The Inequality of Aging in Place
Research shows that most people prefer to age in place—remaining at home, near family, and in their community as they get older. But not all places are equal, and harmful neighborhood conditions can lead to poorer health outcomes and reduced life expectancy. Who bears the biggest burden from unequal neighborhood conditions?
Relying on data from the 2010 Health and Retirement Study and a scan of relevant academic literature, researchers examine how neighborhood poverty, disorder, social cohesion, and air pollution affect health outcomes for older adults of different incomes, races, and ethnicities. The evidence suggests that low-income older adults and older adults of color are more likely to live in neighborhoods with economic, social, and physical conditions that are detrimental to their health.
- Residents of economically disadvantaged neighborhoods—regardless of their own income level—are more likely to suffer from chronic diseases, mobility issues, cognitive impairment, and accelerated biological aging than those living in more economically prosperous neighborhoods.
- At every level of income, Hispanic and Black older adults are more than twice as likely to live in high-poverty neighborhoods than white older adults—with some income levels showing much larger disparities.
- Among adults with low incomes, 66 percent of older Blacks and 60 percent of older Hispanics reside in high-poverty neighborhoods compared with just 20 percent of older whites. Meanwhile, the share of upper-income older Blacks (32 percent) and Hispanics (24 percent) living in a high-poverty neighborhood is higher than the share of low-income older whites (22 percent) residing in such places.
- Neighborhood disorder, from vacant buildings to safety concerns, can cause psychological distress and reduce rates of physical activity among older adults. Older adults with higher incomes generally perceive less disorder in their neighborhoods, but more Hispanic and Black older adults see signs of disorder in their neighborhoods than white adults, regardless of their income.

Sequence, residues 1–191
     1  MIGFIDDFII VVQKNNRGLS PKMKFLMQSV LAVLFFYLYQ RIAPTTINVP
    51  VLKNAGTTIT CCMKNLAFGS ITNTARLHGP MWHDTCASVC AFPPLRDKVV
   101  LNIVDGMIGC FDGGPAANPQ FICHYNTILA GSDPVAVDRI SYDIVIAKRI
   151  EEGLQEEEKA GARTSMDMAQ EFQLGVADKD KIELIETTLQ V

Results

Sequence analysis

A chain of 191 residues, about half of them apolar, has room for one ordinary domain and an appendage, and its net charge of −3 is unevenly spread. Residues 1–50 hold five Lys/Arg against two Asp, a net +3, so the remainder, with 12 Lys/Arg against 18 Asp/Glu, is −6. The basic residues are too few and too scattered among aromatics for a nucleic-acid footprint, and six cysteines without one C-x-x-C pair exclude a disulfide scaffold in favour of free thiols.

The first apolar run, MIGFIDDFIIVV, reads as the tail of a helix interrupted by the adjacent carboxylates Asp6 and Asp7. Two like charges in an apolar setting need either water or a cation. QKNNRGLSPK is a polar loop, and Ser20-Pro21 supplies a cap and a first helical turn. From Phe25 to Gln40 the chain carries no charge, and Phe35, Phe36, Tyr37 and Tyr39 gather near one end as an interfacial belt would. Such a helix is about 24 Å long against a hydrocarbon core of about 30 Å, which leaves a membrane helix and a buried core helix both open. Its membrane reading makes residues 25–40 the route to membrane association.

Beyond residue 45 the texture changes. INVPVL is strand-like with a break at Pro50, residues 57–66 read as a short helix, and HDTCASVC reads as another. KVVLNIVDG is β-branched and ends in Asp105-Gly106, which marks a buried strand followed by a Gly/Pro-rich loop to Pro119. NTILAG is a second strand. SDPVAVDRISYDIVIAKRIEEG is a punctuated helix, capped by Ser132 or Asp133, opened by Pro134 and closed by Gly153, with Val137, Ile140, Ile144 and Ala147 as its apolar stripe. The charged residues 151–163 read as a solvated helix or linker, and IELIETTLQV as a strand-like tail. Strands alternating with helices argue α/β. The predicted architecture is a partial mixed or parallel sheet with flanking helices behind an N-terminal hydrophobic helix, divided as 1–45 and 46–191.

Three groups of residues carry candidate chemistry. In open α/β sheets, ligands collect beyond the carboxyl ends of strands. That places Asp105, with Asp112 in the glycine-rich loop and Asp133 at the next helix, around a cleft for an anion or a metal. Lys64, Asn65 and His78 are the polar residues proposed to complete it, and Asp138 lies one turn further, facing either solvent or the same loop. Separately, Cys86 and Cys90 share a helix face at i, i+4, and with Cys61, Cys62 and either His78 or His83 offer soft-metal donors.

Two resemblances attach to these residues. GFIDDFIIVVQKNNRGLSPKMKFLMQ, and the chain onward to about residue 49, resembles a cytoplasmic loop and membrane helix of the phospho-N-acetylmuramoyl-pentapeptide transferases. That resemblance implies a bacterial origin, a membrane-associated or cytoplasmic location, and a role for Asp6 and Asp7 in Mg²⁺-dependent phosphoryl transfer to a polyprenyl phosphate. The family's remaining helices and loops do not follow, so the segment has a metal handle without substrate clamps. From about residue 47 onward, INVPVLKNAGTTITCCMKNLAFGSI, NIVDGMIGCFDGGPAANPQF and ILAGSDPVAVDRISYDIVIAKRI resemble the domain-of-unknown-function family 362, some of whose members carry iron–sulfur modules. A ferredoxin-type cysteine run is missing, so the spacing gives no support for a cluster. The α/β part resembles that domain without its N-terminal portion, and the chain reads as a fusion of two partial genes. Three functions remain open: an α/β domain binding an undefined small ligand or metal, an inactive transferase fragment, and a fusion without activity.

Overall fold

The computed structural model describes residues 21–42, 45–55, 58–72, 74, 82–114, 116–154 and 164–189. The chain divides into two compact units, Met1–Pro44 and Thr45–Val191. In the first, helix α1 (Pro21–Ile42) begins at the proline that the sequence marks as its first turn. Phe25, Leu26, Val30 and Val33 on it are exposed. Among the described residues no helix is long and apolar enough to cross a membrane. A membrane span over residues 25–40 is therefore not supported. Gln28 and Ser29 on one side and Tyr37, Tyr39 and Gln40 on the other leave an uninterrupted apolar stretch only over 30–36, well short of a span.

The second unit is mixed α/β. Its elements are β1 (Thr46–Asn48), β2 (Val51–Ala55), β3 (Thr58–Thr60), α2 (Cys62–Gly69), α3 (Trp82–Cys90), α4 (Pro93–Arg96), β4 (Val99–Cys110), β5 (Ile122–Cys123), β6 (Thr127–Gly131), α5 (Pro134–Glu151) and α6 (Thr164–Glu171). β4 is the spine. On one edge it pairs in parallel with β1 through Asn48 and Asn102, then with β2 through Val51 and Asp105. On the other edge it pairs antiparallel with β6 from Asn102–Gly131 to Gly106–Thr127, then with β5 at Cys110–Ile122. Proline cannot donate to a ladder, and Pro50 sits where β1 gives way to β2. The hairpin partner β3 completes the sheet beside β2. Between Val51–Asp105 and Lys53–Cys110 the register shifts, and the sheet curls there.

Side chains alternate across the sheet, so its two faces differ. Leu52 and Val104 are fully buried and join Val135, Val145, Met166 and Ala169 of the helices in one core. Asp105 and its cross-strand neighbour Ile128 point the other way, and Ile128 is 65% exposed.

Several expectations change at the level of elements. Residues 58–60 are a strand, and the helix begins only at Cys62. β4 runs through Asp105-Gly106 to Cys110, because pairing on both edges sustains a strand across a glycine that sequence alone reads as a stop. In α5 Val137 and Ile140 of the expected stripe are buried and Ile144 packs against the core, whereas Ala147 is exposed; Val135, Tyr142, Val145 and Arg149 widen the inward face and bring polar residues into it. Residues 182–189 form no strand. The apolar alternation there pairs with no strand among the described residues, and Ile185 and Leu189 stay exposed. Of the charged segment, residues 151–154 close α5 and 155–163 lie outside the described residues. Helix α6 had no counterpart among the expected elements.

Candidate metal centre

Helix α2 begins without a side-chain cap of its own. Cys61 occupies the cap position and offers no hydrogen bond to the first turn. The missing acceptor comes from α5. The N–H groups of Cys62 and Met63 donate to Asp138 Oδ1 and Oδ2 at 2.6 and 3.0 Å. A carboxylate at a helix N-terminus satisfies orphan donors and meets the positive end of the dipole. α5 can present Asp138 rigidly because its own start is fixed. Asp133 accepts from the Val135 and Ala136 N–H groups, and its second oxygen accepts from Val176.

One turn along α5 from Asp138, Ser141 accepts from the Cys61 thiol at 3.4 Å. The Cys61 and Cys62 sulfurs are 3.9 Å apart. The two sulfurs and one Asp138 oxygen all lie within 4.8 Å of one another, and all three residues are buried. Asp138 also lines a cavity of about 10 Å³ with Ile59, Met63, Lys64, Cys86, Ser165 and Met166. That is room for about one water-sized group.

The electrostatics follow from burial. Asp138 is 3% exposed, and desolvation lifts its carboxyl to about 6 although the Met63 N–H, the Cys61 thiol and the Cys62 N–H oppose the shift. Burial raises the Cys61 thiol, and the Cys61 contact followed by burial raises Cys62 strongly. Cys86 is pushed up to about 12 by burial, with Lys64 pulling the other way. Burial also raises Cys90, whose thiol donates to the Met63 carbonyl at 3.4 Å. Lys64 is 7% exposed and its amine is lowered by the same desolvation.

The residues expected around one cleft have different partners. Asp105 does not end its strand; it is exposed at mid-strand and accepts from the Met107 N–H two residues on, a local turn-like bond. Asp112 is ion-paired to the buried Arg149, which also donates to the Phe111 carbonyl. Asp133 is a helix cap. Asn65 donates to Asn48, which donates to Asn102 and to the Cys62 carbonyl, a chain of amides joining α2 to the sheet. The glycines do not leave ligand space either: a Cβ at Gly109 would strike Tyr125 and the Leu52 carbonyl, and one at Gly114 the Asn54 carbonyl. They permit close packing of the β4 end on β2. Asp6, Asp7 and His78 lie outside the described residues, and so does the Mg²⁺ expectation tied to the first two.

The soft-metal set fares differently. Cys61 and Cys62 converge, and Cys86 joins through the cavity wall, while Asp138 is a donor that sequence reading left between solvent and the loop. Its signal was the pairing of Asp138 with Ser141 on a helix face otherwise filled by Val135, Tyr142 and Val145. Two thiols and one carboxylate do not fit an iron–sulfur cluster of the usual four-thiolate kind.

- Strong connections and relationships with neighbors are critical for the health and well-being of older adults whose social interactions have become more geographically limited. Even though research shows that social cohesion generally increases with household income, a larger portion of older Hispanics and Blacks at every level of income live in low-cohesion neighborhoods than white adults. Low-cohesion was defined based on reported feelings of not belonging in the area, not knowing friendly or trustworthy people, and not knowing people who could help in a time of trouble.
- Research shows that exposure to air pollution can lead to severe respiratory damage, cause inflammation and blood clots, and damage the structure and function of an aging brain. At every level of income, a larger portion of older Black adults live in high-pollution neighborhoods than do white adults.
- Efforts to improve aging outcomes need to consider the unequal distribution of older adults in neighborhoods and to address the barriers that may impede neighborhood-based activities. Age-friendly community programs should ensure that all older adults have the opportunity to live in neighborhoods that safeguard and promote their health and well-being.
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